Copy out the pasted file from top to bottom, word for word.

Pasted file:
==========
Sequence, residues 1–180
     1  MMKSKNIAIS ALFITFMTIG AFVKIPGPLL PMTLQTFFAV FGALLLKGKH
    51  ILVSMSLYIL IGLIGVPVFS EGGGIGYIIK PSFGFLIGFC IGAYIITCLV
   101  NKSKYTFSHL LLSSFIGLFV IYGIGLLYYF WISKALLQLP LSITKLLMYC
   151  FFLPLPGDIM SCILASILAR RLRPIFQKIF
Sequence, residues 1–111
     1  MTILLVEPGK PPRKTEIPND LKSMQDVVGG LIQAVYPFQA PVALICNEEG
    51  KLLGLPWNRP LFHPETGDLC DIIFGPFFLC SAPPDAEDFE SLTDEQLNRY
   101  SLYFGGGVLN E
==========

Sequence, residues 1–180
     1  MMKSKNIAIS ALFITFMTIG AFVKIPGPLL PMTLQTFFAV FGALLLKGKH
    51  ILVSMSLYIL IGLIGVPVFS EGGGIGYIIK PSFGFLIGFC IGAYIITCLV
   101  NKSKYTFSHL LLSSFIGLFV IYGIGLLYYF WISKALLQLP LSITKLLMYC
   151  FFLPLPGDIM SCILASILAR RLRPIFQKIF
Sequence, residues 1–111
     1  MTILLVEPGK PPRKTEIPND LKSMQDVVGG LIQAVYPFQA PVALICNEEG
    51  KLLGLPWNRP LFHPETGDLC DIIFGPFFLC SAPPDAEDFE SLTDEQLNRY
   101  SLYFGGGVLN E